• The cost of living is more expensive than the UK, I wouldn’t say massively more expensive but most certainly more expensive.
  • Born free and taxed to death! Dutch taxes are high, be prepared!
  • NO €1 stores!!! Having gone from The Dollar Tree to Poundland having no €1 stores seems more than a insult but it is just the Dutch way.
  • University degree required (in my experience and clearly this does not apply to all but in my experience…) a degree is a must! The Dutch and most of Europe offer relatively cheap if not free university to their students, which means that the majority of people have degrees and its the first thing they ask for in job adverts, Ive gone over 100s of job roles and only 2 have so far not asked for a degree!
  • Dutch are a direct people who dont sugar coat things. It takes a while to adjust to this directness and not take it personally (easier said than done).
  • Healthcare, you pay for insurance and then have a annual excess to pay before the insurance will kick in, expats can find this expensive. Ive so far not had experience of the healthcare but understand that it takes adjusting to shall we say.
  • Slow service, when you go to a restaurant, dont expect good, quick, or efficient service. A typical example, today we sat at a table with the previous occupants used and dirty plates for over 10 minutes before I waved down the waitress to remove the plates and get a menu, then another 10 minutes to get drinks and order the food.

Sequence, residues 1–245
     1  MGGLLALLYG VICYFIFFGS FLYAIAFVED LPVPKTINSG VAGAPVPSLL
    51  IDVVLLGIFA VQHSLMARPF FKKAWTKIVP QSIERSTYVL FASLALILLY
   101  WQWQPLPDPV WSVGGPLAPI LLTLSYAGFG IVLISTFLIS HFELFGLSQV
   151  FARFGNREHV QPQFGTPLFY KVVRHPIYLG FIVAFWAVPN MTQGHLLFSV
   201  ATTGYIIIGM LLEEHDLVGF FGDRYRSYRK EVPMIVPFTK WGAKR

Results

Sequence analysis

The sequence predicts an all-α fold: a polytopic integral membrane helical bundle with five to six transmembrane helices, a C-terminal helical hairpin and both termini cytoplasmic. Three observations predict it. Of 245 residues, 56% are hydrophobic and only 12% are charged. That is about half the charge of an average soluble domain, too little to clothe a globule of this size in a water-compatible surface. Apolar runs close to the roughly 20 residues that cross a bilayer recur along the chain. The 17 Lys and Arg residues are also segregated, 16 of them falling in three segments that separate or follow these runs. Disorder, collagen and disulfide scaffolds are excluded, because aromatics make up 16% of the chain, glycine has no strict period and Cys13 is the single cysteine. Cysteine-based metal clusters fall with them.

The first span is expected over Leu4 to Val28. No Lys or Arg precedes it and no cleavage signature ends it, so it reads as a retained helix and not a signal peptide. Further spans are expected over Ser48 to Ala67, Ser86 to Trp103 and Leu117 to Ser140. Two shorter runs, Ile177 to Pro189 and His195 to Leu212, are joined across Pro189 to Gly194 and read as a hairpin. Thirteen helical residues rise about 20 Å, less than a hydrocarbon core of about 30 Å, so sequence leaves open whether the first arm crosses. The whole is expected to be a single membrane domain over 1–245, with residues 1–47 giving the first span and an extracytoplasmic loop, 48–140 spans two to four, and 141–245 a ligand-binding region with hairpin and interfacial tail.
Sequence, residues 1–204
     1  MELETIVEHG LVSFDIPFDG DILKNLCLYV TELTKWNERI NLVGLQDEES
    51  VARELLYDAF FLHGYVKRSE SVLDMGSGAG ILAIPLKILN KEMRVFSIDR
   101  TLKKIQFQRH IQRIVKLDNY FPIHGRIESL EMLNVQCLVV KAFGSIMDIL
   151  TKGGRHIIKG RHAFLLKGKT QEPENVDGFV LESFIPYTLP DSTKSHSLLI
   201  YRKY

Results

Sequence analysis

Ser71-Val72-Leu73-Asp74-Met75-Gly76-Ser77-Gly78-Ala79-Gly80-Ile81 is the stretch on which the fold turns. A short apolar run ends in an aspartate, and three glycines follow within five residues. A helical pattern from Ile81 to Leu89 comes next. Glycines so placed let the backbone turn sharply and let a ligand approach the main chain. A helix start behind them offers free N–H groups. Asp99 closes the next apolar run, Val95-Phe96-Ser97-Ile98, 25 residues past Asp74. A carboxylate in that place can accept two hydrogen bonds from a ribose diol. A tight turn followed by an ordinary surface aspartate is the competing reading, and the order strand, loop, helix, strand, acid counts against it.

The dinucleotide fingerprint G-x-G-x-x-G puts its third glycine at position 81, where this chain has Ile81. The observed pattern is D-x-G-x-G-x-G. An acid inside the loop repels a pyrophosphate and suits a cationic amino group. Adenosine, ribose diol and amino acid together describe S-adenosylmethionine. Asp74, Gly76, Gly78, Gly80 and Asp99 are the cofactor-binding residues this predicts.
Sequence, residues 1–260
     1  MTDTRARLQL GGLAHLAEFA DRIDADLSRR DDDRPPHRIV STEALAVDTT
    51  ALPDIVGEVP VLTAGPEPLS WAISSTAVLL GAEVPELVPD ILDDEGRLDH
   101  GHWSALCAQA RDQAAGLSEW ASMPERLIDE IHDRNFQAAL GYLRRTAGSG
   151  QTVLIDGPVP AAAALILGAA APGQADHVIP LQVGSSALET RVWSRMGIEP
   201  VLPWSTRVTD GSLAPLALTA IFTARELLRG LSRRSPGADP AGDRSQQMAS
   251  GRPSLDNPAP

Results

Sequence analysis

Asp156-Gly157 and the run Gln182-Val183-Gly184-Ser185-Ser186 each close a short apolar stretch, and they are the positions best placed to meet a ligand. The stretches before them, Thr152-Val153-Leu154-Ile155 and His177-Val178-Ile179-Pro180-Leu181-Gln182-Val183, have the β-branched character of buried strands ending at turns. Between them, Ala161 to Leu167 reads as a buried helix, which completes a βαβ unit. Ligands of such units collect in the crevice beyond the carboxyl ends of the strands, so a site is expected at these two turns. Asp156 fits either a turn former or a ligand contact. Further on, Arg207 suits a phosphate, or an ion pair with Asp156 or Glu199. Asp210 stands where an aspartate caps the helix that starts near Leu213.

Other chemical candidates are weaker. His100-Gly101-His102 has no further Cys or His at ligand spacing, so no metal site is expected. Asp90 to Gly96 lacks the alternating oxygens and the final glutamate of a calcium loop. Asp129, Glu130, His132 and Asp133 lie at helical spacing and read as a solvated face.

• Rules, rules, rules. The Dutch are governed by rules and having a specific way of doing everything. If you make an appointment be ON TIME, it deeply offends the Dutch if you are late, no matter by how much time.  Spontaneity is not a trait of the Dutch and dropping by someones house unannounced is certainly out of the question.
  • Cars are expensive to have, not just to buy. You will have a monthly road tax to pay (regardless of how much or little you use your car) in addition to insurance, annual checks and usual car costs.
  • Im really into my crafting and creating but the price of buying essential oils and ingredients here is ridiculous! Often its substantially cheaper to buy them from abroad and pay for shipping to get them here.
  • Dutch post! Some days I wonder if its run by drug lords who are waiting for their ransom to be paid before you are allowed your post, Im not even kidding when I say this. Ive had items go missing and the cost, it costs double what I was paying in the UK to send anything out of the NLs.

Whilst I do have a number of CONs of my life, I did also giggle at a lot and when things dont go how I expected them to, I tend to revert to this tried and tested phrase, ‘Welcome to the Netherlands’. Its a bit of a band-aid that covers a lot of situations. My first two months have felt like more of  vacation than reality and thats ok too. It will take time to adjust and feel like a Nederlander.

I have however come across The Amsterdam confessions of a shallow man who is able to convey his and other expat frustrations in a dry sarcastic way.  I agreed with a number of his posts, particularly on Dutch Post.

If you have any questions about living in the NLs, I will happily answer your questions based on my experiences. Please leave a comment below and Ill do my best to give you a honest answer based on experience. 🙂